OpenAI Restricts the Use of its Products in the Election; New Class Action Against OpenAI

OpenAI, the creator of ChatGPT and DALL-E, has implemented a new election policy imposing restrictions on the use of its products for political purposes ahead of the 2024 U.S. election. This decision aims to prevent the misuse of OpenAI’s tools for political manipulation, including the spread of disinformation, fake news, and misleading images or videos that could adversely influence voters.

OpenAI’s new election policy includes:

  • Prohibition on using AI for political campaign purposes.
  • Prohibition on impersonating candidates, governments, and authorities.
  • Prohibition on any activity that may discourage voters from voting.

OpenAI will also take several affirmative steps to combat voter fraud, including:

  • Providing a dedicated link, operated by the National Association of Secretaries of State, containing all relevant information to address voter inquiries.
  • Preventing the dissemination of websites and applications that could negatively impact elections.
  • Assisting voters in assessing content credibility by providing links to reliable reports and updates from reputable news sources.
  • Disclosing to users whether content was generated by OpenAI’s technology.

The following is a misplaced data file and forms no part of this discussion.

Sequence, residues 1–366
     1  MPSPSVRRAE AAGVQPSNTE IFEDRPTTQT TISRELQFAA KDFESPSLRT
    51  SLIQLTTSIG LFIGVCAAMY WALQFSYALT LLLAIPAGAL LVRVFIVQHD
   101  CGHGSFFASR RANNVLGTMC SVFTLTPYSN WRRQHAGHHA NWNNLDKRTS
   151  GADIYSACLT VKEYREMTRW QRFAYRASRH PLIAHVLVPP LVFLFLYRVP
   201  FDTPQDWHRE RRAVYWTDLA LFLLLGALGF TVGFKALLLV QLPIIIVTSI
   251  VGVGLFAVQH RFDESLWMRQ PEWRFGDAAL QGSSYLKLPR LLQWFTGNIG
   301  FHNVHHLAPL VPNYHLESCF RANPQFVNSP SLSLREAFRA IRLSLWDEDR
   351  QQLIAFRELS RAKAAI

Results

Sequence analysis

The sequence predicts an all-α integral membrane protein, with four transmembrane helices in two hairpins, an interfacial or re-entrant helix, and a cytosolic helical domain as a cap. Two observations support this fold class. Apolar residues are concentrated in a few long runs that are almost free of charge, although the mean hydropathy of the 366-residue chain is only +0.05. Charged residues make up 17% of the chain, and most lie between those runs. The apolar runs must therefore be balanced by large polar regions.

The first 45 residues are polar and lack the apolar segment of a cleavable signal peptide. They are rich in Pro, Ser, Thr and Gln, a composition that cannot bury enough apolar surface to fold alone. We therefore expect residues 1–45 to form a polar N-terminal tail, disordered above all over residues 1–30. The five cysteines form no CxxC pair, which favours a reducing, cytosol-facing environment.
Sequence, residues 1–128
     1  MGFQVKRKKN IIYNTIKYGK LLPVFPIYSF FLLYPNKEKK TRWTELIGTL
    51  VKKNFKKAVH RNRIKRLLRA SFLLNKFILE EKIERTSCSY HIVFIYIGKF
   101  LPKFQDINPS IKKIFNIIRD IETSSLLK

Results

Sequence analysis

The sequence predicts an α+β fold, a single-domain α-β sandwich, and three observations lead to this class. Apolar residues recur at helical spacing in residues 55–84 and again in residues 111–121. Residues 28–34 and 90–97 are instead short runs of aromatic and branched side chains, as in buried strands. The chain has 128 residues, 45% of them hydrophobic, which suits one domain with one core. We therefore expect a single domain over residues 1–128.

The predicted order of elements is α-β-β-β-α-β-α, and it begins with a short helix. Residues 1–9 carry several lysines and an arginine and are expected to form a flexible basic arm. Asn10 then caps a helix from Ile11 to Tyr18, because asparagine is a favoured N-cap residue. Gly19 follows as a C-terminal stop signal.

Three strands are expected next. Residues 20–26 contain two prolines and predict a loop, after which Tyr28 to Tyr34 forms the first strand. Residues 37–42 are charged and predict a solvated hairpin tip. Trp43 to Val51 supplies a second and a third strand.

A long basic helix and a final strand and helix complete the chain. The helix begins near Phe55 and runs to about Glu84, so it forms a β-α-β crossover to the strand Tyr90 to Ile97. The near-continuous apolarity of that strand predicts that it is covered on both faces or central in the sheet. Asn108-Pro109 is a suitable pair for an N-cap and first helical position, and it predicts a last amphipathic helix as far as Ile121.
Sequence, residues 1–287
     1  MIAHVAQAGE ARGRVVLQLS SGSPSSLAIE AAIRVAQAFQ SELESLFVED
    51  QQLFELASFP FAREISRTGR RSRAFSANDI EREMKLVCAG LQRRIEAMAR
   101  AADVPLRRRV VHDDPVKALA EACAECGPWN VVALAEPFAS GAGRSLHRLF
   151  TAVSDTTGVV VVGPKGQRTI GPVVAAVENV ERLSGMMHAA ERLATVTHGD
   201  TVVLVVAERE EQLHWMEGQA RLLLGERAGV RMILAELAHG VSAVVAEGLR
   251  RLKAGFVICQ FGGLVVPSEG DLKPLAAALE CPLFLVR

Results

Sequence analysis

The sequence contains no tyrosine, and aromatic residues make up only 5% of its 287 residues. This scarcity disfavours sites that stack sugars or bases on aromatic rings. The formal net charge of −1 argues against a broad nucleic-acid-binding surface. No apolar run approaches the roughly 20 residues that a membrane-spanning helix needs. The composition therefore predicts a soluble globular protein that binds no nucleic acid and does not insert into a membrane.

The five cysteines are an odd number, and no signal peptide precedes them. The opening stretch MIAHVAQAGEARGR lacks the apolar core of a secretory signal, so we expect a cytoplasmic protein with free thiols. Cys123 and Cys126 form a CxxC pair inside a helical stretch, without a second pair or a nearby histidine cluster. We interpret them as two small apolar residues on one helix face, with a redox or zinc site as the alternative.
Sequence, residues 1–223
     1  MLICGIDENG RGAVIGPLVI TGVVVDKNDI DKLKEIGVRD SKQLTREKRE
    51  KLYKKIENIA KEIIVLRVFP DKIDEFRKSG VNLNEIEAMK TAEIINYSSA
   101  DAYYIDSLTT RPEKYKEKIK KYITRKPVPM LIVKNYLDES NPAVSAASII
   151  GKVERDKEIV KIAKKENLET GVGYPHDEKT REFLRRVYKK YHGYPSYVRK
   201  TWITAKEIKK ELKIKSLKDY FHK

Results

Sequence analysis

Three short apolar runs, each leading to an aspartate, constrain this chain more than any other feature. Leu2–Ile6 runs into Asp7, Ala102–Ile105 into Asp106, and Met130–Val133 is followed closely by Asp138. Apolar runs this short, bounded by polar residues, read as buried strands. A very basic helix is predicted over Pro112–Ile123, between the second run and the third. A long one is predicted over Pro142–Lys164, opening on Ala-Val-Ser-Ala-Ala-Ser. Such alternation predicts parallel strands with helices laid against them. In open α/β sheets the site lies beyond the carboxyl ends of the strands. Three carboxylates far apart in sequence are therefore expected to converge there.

Separately, a new lawsuit was filed against OpenAI and Microsoft, alleging the unlawful copying and use of copyrighted works for GPT training. The lawsuit alleges that copyrighted works were used to train GPT, the model powering ChatGPT, and seeks class-action status. Filed by two journalists in a federal court in New York, the complaint comes just weeks after a similar lawsuit was filed by The New York Times, accusing the companies of unlawfully copying millions of articles from the newspaper for GPT training.

The plaintiffs allege that OpenAI previously admitted that it used the model’s training data from pirated e-book databases, including the works of the plaintiffs. However, they claim that OpenAI intentionally continued to use these works without obtaining proper authorization from the copyright holders.

The lawsuit indicates that after The New York Times filed its lawsuit, OpenAI publicly declared its commitment to respecting the rights of copyright holders and acknowledged the need to compensate them to ensure fair use of artificial intelligence technology and new revenue streams. The plaintiffs in the lawsuit seek to represent a group of authors whose works were systematically copied by OpenAI. Among other remedies, the plaintiffs have asked for compensation of up to $150,000 for each copied work and a permanent injunction to cease unauthorized copying.

Click here to read OpenAI’s Usage Policies.

Click here to read the class action complaint against OpenAI and Microsoft.